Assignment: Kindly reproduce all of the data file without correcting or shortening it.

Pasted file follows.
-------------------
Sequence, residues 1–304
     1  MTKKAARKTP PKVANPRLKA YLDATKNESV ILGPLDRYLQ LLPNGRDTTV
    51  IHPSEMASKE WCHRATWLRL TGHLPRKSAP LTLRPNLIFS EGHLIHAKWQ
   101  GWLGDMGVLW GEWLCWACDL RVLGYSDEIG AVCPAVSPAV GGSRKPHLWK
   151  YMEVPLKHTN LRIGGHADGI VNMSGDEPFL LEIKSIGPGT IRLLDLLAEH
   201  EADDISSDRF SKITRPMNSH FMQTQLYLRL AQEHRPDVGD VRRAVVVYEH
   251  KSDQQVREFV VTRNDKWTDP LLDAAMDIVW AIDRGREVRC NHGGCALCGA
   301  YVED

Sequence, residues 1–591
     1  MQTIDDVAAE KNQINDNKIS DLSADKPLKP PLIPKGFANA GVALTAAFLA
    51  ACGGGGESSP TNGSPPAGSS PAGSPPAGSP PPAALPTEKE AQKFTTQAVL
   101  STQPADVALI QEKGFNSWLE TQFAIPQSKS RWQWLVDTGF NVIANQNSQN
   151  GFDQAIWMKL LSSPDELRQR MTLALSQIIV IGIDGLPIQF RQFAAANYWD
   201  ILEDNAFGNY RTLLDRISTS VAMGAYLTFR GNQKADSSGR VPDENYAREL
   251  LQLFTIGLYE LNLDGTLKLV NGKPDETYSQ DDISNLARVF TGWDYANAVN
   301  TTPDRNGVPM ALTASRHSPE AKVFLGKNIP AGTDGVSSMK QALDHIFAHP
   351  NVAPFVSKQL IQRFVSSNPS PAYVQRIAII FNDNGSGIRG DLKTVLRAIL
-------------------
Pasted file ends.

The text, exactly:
Sequence, residues 1–304
     1  MTKKAARKTP PKVANPRLKA YLDATKNESV ILGPLDRYLQ LLPNGRDTTV
    51  IHPSEMASKE WCHRATWLRL TGHLPRKSAP LTLRPNLIFS EGHLIHAKWQ
   101  GWLGDMGVLW GEWLCWACDL RVLGYSDEIG AVCPAVSPAV GGSRKPHLWK
   151  YMEVPLKHTN LRIGGHADGI VNMSGDEPFL LEIKSIGPGT IRLLDLLAEH
   201  EADDISSDRF SKITRPMNSH FMQTQLYLRL AQEHRPDVGD VRRAVVVYEH
   251  KSDQQVREFV VTRNDKWTDP LLDAAMDIVW AIDRGREVRC NHGGCALCGA
   301  YVED

Sequence, residues 1–591
     1  MQTIDDVAAE KNQINDNKIS DLSADKPLKP PLIPKGFANA GVALTAAFLA
    51  ACGGGGESSP TNGSPPAGSS PAGSPPAGSP PPAALPTEKE AQKFTTQAVL
   101  STQPADVALI QEKGFNSWLE TQFAIPQSKS RWQWLVDTGF NVIANQNSQN
   151  GFDQAIWMKL LSSPDELRQR MTLALSQIIV IGIDGLPIQF RQFAAANYWD
   201  ILEDNAFGNY RTLLDRISTS VAMGAYLTFR GNQKADSSGR VPDENYAREL
   251  LQLFTIGLYE LNLDGTLKLV NGKPDETYSQ DDISNLARVF TGWDYANAVN
   301  TTPDRNGVPM ALTASRHSPE AKVFLGKNIP AGTDGVSSMK QALDHIFAHP
   351  NVAPFVSKQL IQRFVSSNPS PAYVQRIAII FNDNGSGIRG DLKTVLRAIL